May 20, 2009

Religious Liberty and Jeremiah Wright

2009 1514 page23 capLMOST A YEAR AFTER THE HEIGHT OF THE JEREMIAH WRIGHT CONTROVERSY, I’m still wondering how, in the midst of one of the more controversial periods in our nation’s recent history, we might have missed a very subtle and little recognizable outcome arising out of the sad saga involving Jeremiah Wright. Wright is no hero in this story—not by a long shot, but the events surrounding his sojourn in the media portend something ominous when it comes to religious liberty.
Come on, Russell, you think. How do you get anything regarding religious liberty out of Jeremiah Wright, of all people?
Well, stay with me as I briefly unpack what I see as one of the major threats to religious liberty I’ve come across recently. And our church is in the “crosshairs” with its implications.
If you live in the United States and don’t know who Jeremiah Wright is, you’ve had to be living in a vacuum over the last year or two. Video recordings of some of his more controversial statements played endlessly over the news for weeks during last year’s U.S. presidential campaign. This was especially so with his “hot” critiques of the United States. To be fair and balanced, the selected comments that aired didn’t always provide the full context for what he was saying. But with or without the context, the excerpts from some of his sermons were clearly controversial and genuinely offended a lot of people. Yet, given the diversity of thought in the country, others affirmed what he said.
2009 1514 page23On the surface, what occurred seems like an open-and-shut case. The headline writes itself: “Controversial preacher uses his pulpit to rant against the United States.” But when one views this matter through the lens of religious liberty, another aspect might need to be considered: the right to express one’s personal religious views in a house of worship without fear of external censure or threat.
What played out in the media (intensified by the fact that it was a presidential candidate’s pastor and church) was at times a harsh media and societal reaction to words spoken in the pulpit of a church. This issue cannot be limited to agreement or disagreement over Wright’s words, but focuses on his right to speak them without outside interference, notwithstanding the serious disagreement or even the impact on a presidential candidacy.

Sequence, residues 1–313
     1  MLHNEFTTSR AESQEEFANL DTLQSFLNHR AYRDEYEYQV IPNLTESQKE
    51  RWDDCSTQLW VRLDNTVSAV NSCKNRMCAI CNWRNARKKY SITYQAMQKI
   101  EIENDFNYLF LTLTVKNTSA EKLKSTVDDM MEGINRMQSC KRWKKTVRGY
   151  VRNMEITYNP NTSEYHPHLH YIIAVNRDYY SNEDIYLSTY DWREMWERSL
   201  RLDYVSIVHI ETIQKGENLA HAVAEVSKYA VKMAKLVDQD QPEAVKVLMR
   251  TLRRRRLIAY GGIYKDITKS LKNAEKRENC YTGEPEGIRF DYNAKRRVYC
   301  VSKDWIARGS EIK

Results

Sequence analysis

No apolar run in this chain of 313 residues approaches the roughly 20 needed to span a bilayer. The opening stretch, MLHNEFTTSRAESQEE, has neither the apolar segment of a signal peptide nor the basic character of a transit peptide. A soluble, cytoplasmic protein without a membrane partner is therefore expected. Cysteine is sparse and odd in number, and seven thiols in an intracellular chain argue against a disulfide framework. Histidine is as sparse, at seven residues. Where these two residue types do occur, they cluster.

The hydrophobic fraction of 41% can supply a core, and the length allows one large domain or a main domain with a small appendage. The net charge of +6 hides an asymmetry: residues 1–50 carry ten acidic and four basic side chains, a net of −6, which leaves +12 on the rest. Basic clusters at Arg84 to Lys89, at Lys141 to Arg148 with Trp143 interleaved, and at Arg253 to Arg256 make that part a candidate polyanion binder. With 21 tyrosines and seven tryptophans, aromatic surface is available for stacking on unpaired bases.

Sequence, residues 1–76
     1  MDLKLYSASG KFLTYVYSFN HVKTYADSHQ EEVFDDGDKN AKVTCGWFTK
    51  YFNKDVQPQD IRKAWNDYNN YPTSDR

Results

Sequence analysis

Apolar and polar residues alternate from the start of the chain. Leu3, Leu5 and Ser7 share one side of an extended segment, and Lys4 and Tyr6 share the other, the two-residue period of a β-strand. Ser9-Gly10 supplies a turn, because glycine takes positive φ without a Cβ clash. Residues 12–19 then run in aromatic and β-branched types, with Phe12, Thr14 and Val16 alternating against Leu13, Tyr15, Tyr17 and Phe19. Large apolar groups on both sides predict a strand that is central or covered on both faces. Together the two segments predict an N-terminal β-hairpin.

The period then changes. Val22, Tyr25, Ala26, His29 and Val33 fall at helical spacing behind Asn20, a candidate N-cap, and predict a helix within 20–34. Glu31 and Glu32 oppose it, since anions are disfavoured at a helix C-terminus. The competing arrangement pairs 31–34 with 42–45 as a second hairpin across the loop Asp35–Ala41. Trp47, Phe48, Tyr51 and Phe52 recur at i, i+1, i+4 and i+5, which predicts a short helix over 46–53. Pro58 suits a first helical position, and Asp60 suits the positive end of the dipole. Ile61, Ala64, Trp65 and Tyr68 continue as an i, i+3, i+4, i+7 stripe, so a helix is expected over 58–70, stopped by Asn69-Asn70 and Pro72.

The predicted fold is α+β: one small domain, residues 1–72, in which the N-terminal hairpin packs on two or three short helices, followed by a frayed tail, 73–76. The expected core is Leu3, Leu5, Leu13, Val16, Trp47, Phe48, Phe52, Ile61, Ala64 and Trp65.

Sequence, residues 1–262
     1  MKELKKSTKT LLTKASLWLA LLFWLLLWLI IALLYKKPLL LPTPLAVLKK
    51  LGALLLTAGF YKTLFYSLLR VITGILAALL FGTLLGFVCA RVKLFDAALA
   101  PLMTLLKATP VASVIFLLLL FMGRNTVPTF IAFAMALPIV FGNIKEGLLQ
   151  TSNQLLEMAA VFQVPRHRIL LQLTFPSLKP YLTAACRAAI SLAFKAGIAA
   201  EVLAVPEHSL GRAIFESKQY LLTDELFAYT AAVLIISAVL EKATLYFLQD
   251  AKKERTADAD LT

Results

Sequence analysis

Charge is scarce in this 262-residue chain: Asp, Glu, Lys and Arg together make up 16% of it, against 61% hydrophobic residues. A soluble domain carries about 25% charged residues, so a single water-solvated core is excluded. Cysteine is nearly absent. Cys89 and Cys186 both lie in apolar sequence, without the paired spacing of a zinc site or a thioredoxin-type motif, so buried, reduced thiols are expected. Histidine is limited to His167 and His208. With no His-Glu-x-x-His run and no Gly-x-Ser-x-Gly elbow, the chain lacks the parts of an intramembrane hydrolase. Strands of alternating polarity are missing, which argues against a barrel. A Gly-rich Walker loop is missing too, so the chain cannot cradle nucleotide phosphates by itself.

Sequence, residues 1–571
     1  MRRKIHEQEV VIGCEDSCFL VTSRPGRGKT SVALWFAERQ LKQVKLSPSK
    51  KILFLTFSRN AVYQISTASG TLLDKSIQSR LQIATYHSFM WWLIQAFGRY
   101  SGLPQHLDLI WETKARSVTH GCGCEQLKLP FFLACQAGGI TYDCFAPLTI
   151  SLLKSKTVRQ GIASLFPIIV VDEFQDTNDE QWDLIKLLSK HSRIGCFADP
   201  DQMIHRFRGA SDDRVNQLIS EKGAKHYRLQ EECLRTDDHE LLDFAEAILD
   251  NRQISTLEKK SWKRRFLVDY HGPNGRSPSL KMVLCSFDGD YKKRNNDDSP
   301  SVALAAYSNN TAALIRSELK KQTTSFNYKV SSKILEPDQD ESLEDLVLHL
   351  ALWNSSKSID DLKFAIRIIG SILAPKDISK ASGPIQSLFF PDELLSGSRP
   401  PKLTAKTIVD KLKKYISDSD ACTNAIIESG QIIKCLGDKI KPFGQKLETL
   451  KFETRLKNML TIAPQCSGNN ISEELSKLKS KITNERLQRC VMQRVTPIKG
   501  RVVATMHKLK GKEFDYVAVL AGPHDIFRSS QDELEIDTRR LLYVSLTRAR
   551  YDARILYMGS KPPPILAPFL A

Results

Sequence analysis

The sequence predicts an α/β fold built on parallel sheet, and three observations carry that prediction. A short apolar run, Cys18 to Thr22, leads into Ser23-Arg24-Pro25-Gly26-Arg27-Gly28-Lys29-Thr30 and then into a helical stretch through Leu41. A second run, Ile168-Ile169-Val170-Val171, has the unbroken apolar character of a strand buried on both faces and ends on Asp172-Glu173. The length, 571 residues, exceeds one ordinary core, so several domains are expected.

Whenever the media and outside forces begin to attack people for what they say in church, it clearly portends danger for any church that may speak things that the wider culture may view as unacceptable.
Whether you think Jeremiah Wright was right or wrong in his comments is something each per-son has to weigh on their own. But we as a church, at least from a religious liberty perspective, must understand the wider implications as to how this can affect us in the not-too-distant future.

For instance, let someone get hold of some of the statements regarding the United States in the powerfully insightful book The Great Controversy. Those statements placed in devious hands and used at an opportune (or inopportune) moment can be distorted and taken out of context to make our church appear to be out of step with cultural and national norms.
More to the point is the fact that our church’s prophetic understanding leads us to believe that there is coming a time when we, too, will be singled out for speaking what we believe; so much so that it brings us into disfavor with the masses. We may even be categorized as unpatriotic. I predict that if this happens the media will play these “statements” again and again—whipping the masses into such a furor that it just might usher in, along with other events, a time of trouble such as has never been seen before.
The point: We don’t have to agree with Jeremiah Wright; we can even think he’s dead wrong. But from a religious liberty perspective, we have a responsibility to defend his right even to be wrong, especially within the walls of his own church. 
Fredrick A. Russell is a president of the Allegheny West Conference, with headquarters in Columbus, Ohio.